Wednesday, June 19, 2013

Seed Balls

2010-10-10 “Seed balls - lob one, let nature take its course”
by Janny Hu from “San Francisco Chronicle” []:
 On a recent sun-kissed afternoon, we got our hands dirty in The Chronicle's rooftop garden. We mushed together some clay, soil, seeds and water in a large bucket, then packed the sludge into hollowed-out eggshells.
 We were making seed balls, a sort of all-in-one tool for preserving and propagating plants. And while our eggshell versions may have been on the fancy side, how they work is simple.
 Just scatter the seed balls over soil and wait. When the rainy season comes, the seed balls will decompose. When warmer weather arrives, the seeds will germinate. Over time, you'll have budding plants on your hands, without ever having to dig.
 It's a low-cost, low-maintenance way of planting that the late Japanese farmer-philosopher Masanobu Fukuoka helped pioneer over the last half century. Fukuoka's focus was on natural farming - he believed that the no-till method was best for the soil and ecosystem - and seed balls offered several advantages.
 First, the hard casing protects the seeds from being blown away or eaten by birds and other animals. Second, they don't require watering or planting. Third, they can help rejuvenate soil once they break down.
 "They're great for places where you're not going to be around to care for, but still want to improve the soil or property," says Fred Bové, our gardening instructor from the San Francisco Permaculture Guild.
 Not surprisingly, seed balls have become a guerrilla gardener's best friend: Simply sprinkle or lob the balls into vacant lots, then watch plants pop up over time. (This, in fact, is the idea behind the Greenaid Seed Bomb dispensers set up at stores like Bi-Rite in San Francisco. Drop 50 cents into the converted gumball machine, and instead of candy you get some native wildflower seed balls.)
 As for the home gardener, seed balls offer a distinctive way to save seeds. It's a fun project that kids can help with, and the seed balls themselves make great gifts, as with our tidy eggshell packages.
 Making seed balls isn't an exact science, but the overall composition is important. Bové suggests a 3:2:1 ratio of clay to soil to seeds to prevent overcrowding once the seeds germinate.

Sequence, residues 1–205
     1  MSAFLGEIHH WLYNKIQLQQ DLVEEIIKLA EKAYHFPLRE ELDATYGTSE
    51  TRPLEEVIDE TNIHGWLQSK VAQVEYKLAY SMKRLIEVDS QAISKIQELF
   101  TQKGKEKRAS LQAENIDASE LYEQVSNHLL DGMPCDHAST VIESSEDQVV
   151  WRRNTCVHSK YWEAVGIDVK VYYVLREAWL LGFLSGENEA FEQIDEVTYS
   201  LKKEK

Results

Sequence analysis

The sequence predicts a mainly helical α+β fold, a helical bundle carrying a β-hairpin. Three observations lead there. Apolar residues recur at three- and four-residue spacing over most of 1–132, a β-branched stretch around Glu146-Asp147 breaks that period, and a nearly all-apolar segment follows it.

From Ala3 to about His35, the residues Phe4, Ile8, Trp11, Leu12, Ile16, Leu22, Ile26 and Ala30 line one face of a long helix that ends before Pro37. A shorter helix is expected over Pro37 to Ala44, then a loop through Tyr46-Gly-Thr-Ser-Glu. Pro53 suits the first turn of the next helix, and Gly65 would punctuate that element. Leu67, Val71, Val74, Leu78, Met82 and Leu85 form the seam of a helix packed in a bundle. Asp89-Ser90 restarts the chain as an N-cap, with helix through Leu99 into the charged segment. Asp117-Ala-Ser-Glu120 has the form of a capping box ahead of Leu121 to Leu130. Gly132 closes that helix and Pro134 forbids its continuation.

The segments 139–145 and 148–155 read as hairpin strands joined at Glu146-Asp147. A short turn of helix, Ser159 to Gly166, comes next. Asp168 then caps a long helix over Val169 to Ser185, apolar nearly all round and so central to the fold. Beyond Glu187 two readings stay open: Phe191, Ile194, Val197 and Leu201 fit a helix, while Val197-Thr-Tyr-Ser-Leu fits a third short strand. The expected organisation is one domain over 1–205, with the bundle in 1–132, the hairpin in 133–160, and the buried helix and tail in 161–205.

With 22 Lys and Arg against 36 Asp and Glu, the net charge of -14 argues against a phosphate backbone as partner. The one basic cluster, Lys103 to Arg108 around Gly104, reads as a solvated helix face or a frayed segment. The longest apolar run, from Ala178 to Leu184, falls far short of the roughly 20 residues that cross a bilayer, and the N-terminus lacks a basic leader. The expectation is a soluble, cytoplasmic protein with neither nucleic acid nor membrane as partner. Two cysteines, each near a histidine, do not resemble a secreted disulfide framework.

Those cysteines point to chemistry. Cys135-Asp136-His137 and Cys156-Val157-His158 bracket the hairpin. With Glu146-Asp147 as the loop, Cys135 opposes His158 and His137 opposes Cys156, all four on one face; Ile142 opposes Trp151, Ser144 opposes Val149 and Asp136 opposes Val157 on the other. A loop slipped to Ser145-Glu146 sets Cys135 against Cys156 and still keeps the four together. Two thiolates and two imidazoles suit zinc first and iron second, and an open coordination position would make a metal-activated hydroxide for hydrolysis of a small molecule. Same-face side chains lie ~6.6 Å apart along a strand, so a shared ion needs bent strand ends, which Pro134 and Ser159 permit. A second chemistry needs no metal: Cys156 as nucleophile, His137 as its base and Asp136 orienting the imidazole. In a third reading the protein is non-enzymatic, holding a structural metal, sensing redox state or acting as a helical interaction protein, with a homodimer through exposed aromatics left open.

The clay holds the ball together, forming a hard sphere when dry. Red clay is recommended, but you can substitute potter's clay, which is available at most craft stores. Just make sure to add some coarse sand to keep the balls from getting too hard.
 The soil component can include compost and worm castings to enrich the native soil. We also added a dash of Healthy Harvest Farms' Natural Grow worm castings as an extra soil amendment.
 As for the seeds, you'll want to choose plants that require little maintenance, such as native wildflowers like California poppies, tickseed and purple cosmos. Plants that need attention, like lettuces, won't do as well, given the hands-off nature of sowing seed balls. It's also a good idea to add legumes and white clover, which help fix nitrogen to the soil and act as ground cover.
 We used a blend of field peas, oats, flaxseeds and sunflower seeds - the latter of which Bové included as an easy-to-spot (and pretty-to-the-eye) indicator that our seed balls have taken.
 Once you've gathered your ingredients, add just enough water to mix the clay, soil and seeds into a tacky consistency similar to pie dough. Stuffing the mixture into eggshells, as we did, makes for a pretty final product, but it's just as effective to simply roll the seed balls into walnut-size nuggets.
 Either way, let the seed balls dry in a shaded place outdoors for a day or so. They'll keep for several years, but the potency of the seeds will decrease over time. Once you're ready to use them, just adhere to the seed mantra: Scatter and wait.

 How to make seed balls -
Seed balls are simple to make and a great project for kids. Follow theses steps:
Step 1: Gather the components: soil, clay and seeds. The soil can include compost and worm castings for an extra boost. Red clay is recommended, but you can substitute potter's clay, available at most craft stores. Just add some coarse sand to help soften the mixture a bit. Choose seeds of low-maintenance, drought-tolerant native plants such as California poppies and purple cosmos.

Step 2: Mix a 3:2:1 ratio of soil, clay and seeds with enough water to form a mixture the consistency of pie dough.

Step 3. Roll the mixture into walnut-size spheres or stuff into hollowed-out eggshells (be sure to pack tightly to avoid air pockets). Set in a cardboard box outdoors in a shady spot and allow to dry for 24 hours.

 Pack the mixture in eggshells or simply roll into a ball. Sunflower seeds are a good indicator that the plants have taken. (photo credit: Liz Hafalia / The Chronicle)

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